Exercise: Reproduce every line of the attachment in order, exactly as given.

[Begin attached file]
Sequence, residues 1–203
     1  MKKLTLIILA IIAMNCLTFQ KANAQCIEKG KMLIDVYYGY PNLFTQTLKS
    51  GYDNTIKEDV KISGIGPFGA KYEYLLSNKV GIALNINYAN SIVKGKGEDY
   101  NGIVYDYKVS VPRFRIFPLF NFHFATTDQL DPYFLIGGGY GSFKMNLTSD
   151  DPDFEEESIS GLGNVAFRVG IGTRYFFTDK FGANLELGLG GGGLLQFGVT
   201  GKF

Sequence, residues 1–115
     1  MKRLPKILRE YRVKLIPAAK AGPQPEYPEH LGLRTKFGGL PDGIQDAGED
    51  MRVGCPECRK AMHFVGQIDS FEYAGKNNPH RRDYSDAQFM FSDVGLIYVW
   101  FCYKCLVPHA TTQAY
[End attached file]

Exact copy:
Sequence, residues 1–203
     1  MKKLTLIILA IIAMNCLTFQ KANAQCIEKG KMLIDVYYGY PNLFTQTLKS
    51  GYDNTIKEDV KISGIGPFGA KYEYLLSNKV GIALNINYAN SIVKGKGEDY
   101  NGIVYDYKVS VPRFRIFPLF NFHFATTDQL DPYFLIGGGY GSFKMNLTSD
   151  DPDFEEESIS GLGNVAFRVG IGTRYFFTDK FGANLELGLG GGGLLQFGVT
   201  GKF

Sequence, residues 1–115
     1  MKRLPKILRE YRVKLIPAAK AGPQPEYPEH LGLRTKFGGL PDGIQDAGED
    51  MRVGCPECRK AMHFVGQIDS FEYAGKNNPH RRDYSDAQFM FSDVGLIYVW
   101  FCYKCLVPHA TTQAY